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Hospital Healthcare Europe

Hole-in-the-heart self repair kit


13 August, 2007  

Experts have found a way to employ the body’s natural healing power to treat a common heart defect linked with stroke and migraine. One in four people has a valve-like hole in the heart, known as a patent foramen ovale (PFO). The defect can be closed surgically using a graft, but this can cause damage to surrounding tissue.

A team at London’s Royal Brompton Hospital has used a “bioabsorbable” patch to solve the problem. The patch acts as a temporary plug until the body replaces it with healthy normal tissue, usually within 30 days.

PFO, an opening in the wall between the two upper chambers of the heart, usually produces no symptoms, but in some people it significantly increases the risk of stroke and migraine.

In the womb, the opening is necessary to allow efficient circulation of blood and oxygen before the lungs start working.

After birth, the hole should close to separate the two chambers. Sometimes, however, this does not occur correctly. And when pressure is created inside the chest – for instance by coughing – a flap can open, allowing blood to flow in either direction. In turn, this means blood can bypass the filtering system of the lungs and if debris are present in the blood, such as small blood clots, these can travel to and lodge in the brain, causing a stroke.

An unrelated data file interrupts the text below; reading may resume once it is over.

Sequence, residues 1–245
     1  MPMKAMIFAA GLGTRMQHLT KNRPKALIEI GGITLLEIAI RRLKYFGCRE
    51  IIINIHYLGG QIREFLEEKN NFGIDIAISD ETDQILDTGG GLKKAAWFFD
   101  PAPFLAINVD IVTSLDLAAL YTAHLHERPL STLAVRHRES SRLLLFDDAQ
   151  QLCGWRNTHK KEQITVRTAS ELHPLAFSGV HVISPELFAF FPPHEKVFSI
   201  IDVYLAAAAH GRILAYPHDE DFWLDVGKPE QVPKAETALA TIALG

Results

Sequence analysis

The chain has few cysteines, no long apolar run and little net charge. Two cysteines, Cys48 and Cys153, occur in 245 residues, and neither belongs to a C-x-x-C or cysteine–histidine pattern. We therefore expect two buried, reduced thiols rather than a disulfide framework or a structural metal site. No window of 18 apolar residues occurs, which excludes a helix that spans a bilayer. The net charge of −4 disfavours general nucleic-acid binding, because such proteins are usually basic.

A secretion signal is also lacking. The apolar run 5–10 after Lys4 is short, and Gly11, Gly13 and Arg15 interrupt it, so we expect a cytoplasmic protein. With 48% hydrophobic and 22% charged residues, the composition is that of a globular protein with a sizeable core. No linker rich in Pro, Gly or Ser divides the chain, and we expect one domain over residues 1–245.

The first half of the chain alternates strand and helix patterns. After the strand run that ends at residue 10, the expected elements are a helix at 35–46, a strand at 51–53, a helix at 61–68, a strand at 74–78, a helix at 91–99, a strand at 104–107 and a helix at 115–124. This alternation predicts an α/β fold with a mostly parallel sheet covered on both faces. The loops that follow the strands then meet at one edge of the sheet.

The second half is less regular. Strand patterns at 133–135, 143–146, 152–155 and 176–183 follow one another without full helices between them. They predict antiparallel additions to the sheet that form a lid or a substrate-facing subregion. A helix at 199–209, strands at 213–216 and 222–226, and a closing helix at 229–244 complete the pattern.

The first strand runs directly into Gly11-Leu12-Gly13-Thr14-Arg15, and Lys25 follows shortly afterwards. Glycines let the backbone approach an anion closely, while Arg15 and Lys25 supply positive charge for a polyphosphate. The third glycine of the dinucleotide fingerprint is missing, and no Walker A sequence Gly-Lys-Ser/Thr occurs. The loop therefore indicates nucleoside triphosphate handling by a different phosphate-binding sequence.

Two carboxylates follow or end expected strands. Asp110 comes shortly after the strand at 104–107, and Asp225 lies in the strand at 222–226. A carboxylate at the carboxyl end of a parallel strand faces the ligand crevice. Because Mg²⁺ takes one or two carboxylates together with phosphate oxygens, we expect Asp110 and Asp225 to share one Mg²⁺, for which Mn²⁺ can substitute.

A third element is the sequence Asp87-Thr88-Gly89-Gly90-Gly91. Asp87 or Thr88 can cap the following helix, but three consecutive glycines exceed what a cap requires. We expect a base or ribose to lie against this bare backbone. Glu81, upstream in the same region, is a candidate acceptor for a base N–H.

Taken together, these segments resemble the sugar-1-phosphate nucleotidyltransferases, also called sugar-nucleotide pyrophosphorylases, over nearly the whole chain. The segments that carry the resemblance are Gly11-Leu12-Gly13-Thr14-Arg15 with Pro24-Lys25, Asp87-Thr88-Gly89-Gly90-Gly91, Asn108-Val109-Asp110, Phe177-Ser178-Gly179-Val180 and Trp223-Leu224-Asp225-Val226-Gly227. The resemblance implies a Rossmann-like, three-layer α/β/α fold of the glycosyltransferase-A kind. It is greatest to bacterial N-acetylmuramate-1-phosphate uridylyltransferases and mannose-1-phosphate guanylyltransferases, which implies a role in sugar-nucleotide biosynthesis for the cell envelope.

Dr Michael Mullen, the consultant cardiologist who has been using the device to treat his patients, said: “Traditional grafts are permanent and so can cause an inflammatory reaction, which can lead to problems. Instead, this treatment does the repair job and then disappears in a natural way. The healing is very similar to how the body would heal itself normally.”